(P14) Prevalence and risk factors for depression in persons living with HIV in Norway
Lise Sørsvang¹, Bente Magny Bergersen¹, Synne Jenum¹.
¹Department of Infectious Diseases, Oslo University Hospital, Ullevål, 0424 Oslo, Norway.
In Norway, persons living with human deficiency virus (PLHIV) have legal right to mental health care free of charge. Despite this, data on the prevalence of mental health conditions in PLHIV are lacking, thus warranted. Caring for the largest PLHIV cohort in Norway, we therefore targeted depression, one of the most common mental disorders, with regard to prevalence and risk factors.
We conducted an observational cross-sectional study of consenting PLHIV aged ≥18 years attending their yearly control at the Department of Infectious Diseases, Oslo University Hospital. Data was obtained by structured interview, the Beck Depression Inventory, version II (BDI-II) and our HIV-registery (key-data entered longitudinally from diagnosis and throughout follow-up/treatment).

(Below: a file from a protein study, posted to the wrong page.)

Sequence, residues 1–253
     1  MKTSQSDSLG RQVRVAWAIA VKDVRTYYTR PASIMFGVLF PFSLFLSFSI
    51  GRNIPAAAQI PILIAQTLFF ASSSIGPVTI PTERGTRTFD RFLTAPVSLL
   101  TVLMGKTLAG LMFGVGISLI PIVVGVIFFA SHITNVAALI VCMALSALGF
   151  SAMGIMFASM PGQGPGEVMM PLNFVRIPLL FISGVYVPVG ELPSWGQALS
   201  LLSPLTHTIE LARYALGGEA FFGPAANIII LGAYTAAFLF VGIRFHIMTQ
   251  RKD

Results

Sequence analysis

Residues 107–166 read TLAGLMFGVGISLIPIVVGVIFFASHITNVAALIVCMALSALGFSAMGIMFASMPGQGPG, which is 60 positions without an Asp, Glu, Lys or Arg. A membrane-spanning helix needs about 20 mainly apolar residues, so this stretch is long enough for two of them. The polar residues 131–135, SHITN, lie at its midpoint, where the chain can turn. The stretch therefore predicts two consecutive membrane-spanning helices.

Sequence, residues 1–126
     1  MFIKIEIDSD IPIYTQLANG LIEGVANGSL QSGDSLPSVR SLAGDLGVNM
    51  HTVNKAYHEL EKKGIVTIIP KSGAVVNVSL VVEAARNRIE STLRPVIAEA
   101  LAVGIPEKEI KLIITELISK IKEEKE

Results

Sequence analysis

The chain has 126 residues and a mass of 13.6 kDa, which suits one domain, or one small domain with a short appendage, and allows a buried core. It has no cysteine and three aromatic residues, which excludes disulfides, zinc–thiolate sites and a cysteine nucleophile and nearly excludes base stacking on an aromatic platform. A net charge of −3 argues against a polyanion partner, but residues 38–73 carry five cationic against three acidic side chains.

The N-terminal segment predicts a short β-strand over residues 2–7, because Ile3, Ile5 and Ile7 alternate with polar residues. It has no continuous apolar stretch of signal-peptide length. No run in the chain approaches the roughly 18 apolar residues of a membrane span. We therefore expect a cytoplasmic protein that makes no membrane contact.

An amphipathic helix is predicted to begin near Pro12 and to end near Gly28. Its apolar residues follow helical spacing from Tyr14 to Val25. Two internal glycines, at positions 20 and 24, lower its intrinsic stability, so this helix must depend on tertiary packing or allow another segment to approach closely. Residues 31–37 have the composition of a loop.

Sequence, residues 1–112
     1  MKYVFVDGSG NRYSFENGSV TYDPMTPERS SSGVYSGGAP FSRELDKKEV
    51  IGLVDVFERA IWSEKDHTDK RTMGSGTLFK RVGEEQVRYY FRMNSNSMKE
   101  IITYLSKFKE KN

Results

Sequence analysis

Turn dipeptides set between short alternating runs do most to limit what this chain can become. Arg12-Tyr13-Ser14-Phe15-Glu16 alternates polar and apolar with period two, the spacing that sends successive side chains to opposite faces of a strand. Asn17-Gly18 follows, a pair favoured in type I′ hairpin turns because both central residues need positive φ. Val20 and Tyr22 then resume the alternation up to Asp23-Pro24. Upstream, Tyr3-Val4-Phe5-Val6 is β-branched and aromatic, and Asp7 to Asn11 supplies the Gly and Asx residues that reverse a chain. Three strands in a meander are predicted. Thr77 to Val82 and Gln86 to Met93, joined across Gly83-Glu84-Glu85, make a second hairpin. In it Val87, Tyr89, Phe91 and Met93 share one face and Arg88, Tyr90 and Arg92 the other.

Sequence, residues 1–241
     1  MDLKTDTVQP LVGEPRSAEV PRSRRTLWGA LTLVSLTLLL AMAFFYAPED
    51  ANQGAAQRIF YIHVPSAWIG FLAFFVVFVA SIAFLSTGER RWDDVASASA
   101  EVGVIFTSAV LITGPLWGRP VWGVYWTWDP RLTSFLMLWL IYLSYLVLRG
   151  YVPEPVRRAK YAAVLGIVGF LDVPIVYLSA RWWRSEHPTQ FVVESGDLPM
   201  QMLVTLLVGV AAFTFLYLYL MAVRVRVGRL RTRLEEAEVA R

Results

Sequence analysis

Of 486 PLHIV, 397(82 %) were included. Moderate-severe depression (BDI≥15) was observed in 76 (19 %). When adjusted for other factors, the likelihood for depression was increased in PLHIV originating from Asia/Latin-America (OR 2.9, 95 % KI 1.4-6.0), diagnosed prior to protease inhibitor (PI) based anti-retroviral (ART) regimen (OR 3.2, 95 % KI 1.1-7.9), municipal housing (OR 4.0, 95 % KI 1.6-10.3) and use of drugs except alcohol (OR 2.3, 95 % KI 1.2-4.3), but interestingly reduced in PLHIV with a non-nukleosid revers-transcriptase- inhibitor (NNRTI) based ART (OR 0,5, 95 % KI 0,2-0,9).
Every fifth PLHIV had depression suggesting screening in PLHIV, eventually targeted when certain risk factor(s) are present. The association between depression and NNRTI-based ART warrants further studies.